The most concise summary of bullish and bearish events in the past week and commentary

In The News Today


Jim Sinclair’s Commentary

The latest from John Williams at

- The Great Downturn Deepens as Household Incomes Collapse

- September Retail Sales Gain Exaggerated by Poor-Quality Seasonal Adjustments

- Trade Deficit Still Suggests A Positive Contribution to Third-Quarter GDP

Jim Sinclair’s Commentary

You think this is limited to Euroland?

Eurozone inflation hits three-year high By Ralph Atkins in Frankfurt
Eurozone inflation has surged unexpectedly to a three-year high of 3 per cent, adding to the dilemma facing the European Central Bank as an escalating debt crisis pushes the region towards recession.
The acceleration weakened the case for an ECB interest rate reduction at its meeting next week, although the euro’s monetary guardian is expected to press ahead with measures to provide extra liquidity to eurozone banks. Eurozone unemployment, meanwhile, saw a surprise fall in August.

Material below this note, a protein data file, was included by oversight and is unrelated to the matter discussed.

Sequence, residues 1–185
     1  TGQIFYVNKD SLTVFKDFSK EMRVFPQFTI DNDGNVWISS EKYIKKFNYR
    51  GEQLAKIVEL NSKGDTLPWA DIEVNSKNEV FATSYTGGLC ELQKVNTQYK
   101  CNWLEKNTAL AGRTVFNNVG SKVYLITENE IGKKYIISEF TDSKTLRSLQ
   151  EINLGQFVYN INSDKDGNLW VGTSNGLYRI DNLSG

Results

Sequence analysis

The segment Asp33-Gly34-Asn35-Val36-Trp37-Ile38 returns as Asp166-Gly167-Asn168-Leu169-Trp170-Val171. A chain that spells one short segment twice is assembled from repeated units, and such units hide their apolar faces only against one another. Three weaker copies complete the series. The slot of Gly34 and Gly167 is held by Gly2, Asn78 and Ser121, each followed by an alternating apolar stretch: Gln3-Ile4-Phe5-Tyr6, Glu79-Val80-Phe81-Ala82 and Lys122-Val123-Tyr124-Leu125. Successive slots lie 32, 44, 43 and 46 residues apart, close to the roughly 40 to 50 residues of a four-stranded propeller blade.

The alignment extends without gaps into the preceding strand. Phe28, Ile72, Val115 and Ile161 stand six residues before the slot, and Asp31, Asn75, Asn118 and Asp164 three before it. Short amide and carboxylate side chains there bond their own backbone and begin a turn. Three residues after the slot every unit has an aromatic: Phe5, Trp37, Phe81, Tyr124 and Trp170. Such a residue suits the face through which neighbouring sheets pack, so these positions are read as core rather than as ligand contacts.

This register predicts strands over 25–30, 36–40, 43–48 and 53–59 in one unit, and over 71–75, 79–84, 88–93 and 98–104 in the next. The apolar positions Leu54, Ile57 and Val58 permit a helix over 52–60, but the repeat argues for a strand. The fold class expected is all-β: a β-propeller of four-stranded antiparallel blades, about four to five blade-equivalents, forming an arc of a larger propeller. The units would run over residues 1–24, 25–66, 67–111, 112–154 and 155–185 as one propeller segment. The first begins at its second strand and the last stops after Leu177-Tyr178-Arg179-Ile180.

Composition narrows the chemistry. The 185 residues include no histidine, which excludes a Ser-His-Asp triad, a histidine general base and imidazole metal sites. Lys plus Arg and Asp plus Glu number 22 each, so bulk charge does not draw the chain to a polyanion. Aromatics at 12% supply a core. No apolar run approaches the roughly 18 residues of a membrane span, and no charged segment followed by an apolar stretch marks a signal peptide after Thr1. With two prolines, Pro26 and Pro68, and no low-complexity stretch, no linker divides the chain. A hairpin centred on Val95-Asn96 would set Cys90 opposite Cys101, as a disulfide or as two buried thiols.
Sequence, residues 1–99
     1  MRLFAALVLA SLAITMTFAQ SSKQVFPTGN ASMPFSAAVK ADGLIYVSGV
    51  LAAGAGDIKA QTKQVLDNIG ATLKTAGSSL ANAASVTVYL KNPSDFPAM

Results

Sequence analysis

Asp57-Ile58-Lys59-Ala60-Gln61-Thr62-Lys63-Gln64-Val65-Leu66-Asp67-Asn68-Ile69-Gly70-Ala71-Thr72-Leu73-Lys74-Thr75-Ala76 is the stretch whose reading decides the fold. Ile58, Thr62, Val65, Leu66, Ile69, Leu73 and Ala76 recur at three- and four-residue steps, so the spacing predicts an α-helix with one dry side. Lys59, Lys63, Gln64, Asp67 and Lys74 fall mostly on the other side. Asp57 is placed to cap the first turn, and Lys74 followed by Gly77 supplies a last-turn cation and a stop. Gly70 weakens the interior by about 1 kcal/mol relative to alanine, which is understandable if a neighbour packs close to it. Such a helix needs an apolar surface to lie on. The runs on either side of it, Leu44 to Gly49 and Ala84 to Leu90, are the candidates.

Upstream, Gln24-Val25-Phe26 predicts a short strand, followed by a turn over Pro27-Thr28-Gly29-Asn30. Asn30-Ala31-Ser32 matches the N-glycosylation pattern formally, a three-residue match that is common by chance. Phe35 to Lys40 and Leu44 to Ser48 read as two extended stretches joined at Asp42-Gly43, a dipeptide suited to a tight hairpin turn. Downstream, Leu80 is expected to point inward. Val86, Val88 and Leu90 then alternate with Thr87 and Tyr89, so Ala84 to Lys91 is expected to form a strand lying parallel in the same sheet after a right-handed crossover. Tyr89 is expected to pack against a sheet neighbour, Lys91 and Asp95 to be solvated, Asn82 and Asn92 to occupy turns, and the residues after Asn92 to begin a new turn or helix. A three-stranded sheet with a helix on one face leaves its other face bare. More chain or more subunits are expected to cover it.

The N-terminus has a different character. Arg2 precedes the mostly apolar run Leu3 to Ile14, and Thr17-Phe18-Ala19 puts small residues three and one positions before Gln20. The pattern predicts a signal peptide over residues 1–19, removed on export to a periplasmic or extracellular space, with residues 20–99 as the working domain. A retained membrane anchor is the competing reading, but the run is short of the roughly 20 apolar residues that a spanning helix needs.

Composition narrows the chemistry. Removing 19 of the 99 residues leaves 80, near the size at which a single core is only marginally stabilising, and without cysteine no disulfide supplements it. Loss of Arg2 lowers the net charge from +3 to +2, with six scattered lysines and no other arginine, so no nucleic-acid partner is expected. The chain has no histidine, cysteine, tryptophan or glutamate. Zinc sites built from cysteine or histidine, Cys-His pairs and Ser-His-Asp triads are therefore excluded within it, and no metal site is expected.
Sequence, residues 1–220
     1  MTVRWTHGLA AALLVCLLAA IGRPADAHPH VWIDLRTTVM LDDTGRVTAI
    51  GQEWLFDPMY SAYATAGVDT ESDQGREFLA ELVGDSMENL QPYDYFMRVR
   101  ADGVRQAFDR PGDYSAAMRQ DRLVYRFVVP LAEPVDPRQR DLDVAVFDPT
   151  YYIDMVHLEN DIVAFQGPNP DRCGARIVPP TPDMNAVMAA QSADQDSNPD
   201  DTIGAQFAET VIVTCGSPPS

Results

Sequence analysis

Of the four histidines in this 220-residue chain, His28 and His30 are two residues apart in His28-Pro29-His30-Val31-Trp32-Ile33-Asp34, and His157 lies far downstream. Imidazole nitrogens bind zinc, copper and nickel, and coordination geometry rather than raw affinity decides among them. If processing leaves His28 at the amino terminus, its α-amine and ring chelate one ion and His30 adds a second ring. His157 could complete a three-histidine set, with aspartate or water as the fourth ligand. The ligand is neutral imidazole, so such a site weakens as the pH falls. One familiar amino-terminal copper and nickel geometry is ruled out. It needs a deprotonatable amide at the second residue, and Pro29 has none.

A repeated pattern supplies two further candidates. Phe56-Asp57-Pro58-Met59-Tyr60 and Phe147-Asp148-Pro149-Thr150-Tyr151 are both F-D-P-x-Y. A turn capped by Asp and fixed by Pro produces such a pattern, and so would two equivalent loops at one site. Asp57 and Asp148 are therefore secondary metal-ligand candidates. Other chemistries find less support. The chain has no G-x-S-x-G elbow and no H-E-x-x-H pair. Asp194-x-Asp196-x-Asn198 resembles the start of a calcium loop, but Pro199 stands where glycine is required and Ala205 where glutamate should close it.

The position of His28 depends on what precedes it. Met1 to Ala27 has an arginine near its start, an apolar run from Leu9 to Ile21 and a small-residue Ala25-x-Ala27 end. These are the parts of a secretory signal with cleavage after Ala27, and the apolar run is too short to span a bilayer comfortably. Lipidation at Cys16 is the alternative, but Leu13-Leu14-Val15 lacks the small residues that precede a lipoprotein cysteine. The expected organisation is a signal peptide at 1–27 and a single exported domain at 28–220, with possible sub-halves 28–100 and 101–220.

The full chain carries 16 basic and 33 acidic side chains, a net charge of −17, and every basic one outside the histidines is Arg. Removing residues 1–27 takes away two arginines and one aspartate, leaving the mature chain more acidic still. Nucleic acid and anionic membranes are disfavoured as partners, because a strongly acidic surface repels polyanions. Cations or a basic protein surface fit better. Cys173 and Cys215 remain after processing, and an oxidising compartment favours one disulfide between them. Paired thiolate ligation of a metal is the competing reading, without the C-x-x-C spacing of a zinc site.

With next Thursday’s interest rate-setting meeting the last to be chaired by Jean-Claude Trichet, whose eight-year term as president ends on October 31, it will be harder for him “to bow out with a cut”, said Julian Callow, European economist at Barclays Capital. Eurozone inflation could rise further in October, he warned, before falling later. The ECB aims to keep inflation “below but close” to 2 per cent over the medium term.
September’s inflation rate – the highest since October 2008 – was driven up by clothing prices and energy costs. August’s inflation rate was 2.5 per cent.
However, the latest data did not close the door on an early interest rate cut. The ECB expects inflation to decelerate rapidly next year – the more relevant time horizon for its interest rate decisions.